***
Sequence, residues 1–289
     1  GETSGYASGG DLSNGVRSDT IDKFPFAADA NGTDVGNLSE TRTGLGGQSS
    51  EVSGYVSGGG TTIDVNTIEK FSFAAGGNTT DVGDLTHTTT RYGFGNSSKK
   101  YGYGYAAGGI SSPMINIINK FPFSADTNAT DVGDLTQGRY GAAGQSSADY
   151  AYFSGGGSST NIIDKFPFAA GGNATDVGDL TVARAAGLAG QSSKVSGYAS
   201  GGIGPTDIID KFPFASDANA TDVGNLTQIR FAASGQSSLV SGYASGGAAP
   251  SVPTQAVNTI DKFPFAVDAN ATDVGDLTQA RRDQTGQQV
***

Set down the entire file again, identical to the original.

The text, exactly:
Sequence, residues 1–289
     1  GETSGYASGG DLSNGVRSDT IDKFPFAADA NGTDVGNLSE TRTGLGGQSS
    51  EVSGYVSGGG TTIDVNTIEK FSFAAGGNTT DVGDLTHTTT RYGFGNSSKK
   101  YGYGYAAGGI SSPMINIINK FPFSADTNAT DVGDLTQGRY GAAGQSSADY
   151  AYFSGGGSST NIIDKFPFAA GGNATDVGDL TVARAAGLAG QSSKVSGYAS
   201  GGIGPTDIID KFPFASDANA TDVGNLTQIR FAASGQSSLV SGYASGGAAP
   251  SVPTQAVNTI DKFPFAVDAN ATDVGDLTQA RRDQTGQQV